From complexity theorist Adam Barrett at The Conversation:
Recently, “Integrated Information Theory” has been gaining attention – and the backing of some eminent neuroscientists. It says that absolutely every physical object has some (even if extremely low) level of consciousness. Some backers of the theory claim to have a mathematical formula that can measure the consciousness of anything – even your phone.
These big claims are controversial and are (unfortunately) undermining the great potential for progress that could come from following some of the ideas behind the theory.
Actually, these claims are making the entire field sound ridiculous Which is what the search for “little green men” did for exoplanet research. People who pay taxes for obvious public benefits like roads, bridges, and firefighters might be persuaded to support exoplanet research if it sounds sober in principle, like the space shuttles. Anyway, he offers more sober explanation of Integrated Information Theory:
Integrated Information Theory starts from two basic observations about the nature of our conscious experiences as humans. First, that each experience we have is just one of a vast number of possible experiences we could have. Second, that multiple different components (colours, textures, foreground, background) are all experienced together, simultaneously.
Given these two observations, the theory says that brain activity associated with consciousness must therefore be ever-changing, consist of lots of different patterns, and involve a great deal of communication between different brain regions.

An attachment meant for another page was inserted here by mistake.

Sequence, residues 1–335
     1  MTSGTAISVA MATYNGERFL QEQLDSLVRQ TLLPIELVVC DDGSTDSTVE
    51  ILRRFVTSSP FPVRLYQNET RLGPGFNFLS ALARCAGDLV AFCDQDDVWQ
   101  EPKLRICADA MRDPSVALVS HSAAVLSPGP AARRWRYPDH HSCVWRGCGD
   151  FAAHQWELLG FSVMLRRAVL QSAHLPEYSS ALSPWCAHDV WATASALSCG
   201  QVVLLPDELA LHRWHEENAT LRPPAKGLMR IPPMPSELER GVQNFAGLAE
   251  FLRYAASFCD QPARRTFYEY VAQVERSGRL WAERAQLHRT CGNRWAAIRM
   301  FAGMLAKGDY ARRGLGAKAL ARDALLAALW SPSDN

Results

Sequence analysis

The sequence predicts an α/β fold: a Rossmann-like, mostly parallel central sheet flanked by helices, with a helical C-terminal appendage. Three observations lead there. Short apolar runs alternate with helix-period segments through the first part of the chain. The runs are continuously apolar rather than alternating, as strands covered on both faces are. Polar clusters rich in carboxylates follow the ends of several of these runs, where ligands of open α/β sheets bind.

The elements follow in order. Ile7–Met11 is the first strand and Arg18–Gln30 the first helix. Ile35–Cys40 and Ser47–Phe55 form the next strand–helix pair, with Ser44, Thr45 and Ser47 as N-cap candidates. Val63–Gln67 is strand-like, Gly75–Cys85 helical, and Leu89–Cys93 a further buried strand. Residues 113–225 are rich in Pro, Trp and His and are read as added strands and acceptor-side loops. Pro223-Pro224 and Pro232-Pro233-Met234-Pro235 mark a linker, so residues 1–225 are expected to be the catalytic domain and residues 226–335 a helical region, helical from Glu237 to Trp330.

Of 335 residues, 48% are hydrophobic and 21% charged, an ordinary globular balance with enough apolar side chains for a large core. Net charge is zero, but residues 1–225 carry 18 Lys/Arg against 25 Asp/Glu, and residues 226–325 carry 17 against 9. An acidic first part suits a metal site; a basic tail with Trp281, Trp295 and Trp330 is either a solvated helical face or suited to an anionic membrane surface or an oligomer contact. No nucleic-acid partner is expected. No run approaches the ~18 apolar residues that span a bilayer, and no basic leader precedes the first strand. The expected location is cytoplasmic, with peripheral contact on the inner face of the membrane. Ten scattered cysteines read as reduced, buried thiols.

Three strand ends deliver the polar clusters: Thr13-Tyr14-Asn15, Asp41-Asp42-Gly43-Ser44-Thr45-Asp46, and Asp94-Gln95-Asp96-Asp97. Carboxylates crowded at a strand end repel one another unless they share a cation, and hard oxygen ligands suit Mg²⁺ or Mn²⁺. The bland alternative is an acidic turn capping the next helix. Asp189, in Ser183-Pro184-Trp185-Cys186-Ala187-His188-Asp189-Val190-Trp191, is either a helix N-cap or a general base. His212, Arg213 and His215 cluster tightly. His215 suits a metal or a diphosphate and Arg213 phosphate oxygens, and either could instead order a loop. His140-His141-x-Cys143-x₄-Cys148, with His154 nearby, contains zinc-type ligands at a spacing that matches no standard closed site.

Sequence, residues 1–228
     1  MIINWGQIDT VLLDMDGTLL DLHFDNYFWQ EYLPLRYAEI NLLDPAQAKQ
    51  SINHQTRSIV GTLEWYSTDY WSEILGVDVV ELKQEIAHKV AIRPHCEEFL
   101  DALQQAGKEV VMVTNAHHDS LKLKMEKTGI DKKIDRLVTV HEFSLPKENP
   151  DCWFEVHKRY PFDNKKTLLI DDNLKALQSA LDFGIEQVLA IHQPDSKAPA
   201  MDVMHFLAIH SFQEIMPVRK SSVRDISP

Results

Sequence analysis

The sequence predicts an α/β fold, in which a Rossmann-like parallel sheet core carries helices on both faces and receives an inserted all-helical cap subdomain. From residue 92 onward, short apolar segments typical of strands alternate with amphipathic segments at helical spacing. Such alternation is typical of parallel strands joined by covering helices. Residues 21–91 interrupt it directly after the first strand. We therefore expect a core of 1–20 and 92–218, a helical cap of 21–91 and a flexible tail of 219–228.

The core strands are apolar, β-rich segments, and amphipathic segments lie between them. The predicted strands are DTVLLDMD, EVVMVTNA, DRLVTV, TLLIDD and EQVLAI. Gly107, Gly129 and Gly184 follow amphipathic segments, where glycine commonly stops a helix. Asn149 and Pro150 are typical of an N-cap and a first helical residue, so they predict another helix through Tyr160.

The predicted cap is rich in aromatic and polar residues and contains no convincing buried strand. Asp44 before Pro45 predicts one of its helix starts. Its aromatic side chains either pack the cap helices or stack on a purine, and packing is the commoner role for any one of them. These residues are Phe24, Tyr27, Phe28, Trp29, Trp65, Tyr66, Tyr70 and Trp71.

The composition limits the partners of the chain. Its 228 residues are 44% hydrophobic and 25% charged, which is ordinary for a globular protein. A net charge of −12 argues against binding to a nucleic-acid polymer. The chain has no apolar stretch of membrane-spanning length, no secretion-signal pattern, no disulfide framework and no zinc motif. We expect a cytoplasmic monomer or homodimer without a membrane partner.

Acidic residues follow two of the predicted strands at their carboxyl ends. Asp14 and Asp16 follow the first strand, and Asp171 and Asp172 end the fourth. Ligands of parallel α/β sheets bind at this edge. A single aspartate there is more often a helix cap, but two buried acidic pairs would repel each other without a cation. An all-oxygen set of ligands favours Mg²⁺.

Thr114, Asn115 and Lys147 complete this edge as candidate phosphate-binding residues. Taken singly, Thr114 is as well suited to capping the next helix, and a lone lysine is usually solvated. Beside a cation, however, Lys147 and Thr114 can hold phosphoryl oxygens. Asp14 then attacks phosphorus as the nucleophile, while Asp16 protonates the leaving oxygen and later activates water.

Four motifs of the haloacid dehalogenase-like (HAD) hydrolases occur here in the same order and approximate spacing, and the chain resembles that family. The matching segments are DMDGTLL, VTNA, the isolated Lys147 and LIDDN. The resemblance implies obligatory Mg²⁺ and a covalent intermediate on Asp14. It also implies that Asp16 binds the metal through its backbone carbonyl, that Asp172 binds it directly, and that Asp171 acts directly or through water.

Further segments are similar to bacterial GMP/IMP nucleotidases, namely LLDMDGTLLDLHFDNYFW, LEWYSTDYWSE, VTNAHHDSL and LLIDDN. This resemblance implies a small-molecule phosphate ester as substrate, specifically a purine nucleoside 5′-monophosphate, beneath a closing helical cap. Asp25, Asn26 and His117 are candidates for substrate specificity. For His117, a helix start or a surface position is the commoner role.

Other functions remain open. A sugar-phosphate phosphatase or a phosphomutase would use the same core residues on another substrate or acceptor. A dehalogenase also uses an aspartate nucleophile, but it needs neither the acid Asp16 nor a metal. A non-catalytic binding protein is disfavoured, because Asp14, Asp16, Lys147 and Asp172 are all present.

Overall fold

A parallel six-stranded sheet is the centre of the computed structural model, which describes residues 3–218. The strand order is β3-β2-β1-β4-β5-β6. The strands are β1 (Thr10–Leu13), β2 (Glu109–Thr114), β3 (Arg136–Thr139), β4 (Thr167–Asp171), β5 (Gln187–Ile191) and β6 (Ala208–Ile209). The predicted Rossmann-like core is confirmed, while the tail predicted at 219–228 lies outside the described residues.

This is a really solid starting point for a theory, and to some extent, we have been able to test it.More.
He seems to be driving at the fact that there is no current test that shows whether a human being is conscious or not. Apparently, in deep sleep, fewer connections are made than when awake:
It is understandable to be perplexed by all of this – attempts at a formula have run into numerous problems, theoretical and practical. A candidate formula has been written down, but it doesn’t work. There are example cases of it not giving a clear answer. And it would take far too long to compute for complex human brain data.
Wethinks we are not yet far from the drawing board.
Barrett attempts to defend panpsychism’s “talking spoons,” which he thinks are “not helpful.” That said,
If there were already many competing plausible mathematical descriptions of consciousness, none of which could be tested, then there would be no value in creating another. But so far there are zero, and only a handful of researchers have been working on this.
But does it really say a whole lot for a discipline if the stuff of childhood imagination (my teddy talks to me!) is urged as a serious proposition?
See also: At Quartz: Materialists are converting to panpsychism (everything is conscious)
The illusion of consciousness sees through itself.
What great physicists have said about immateriality and consciousness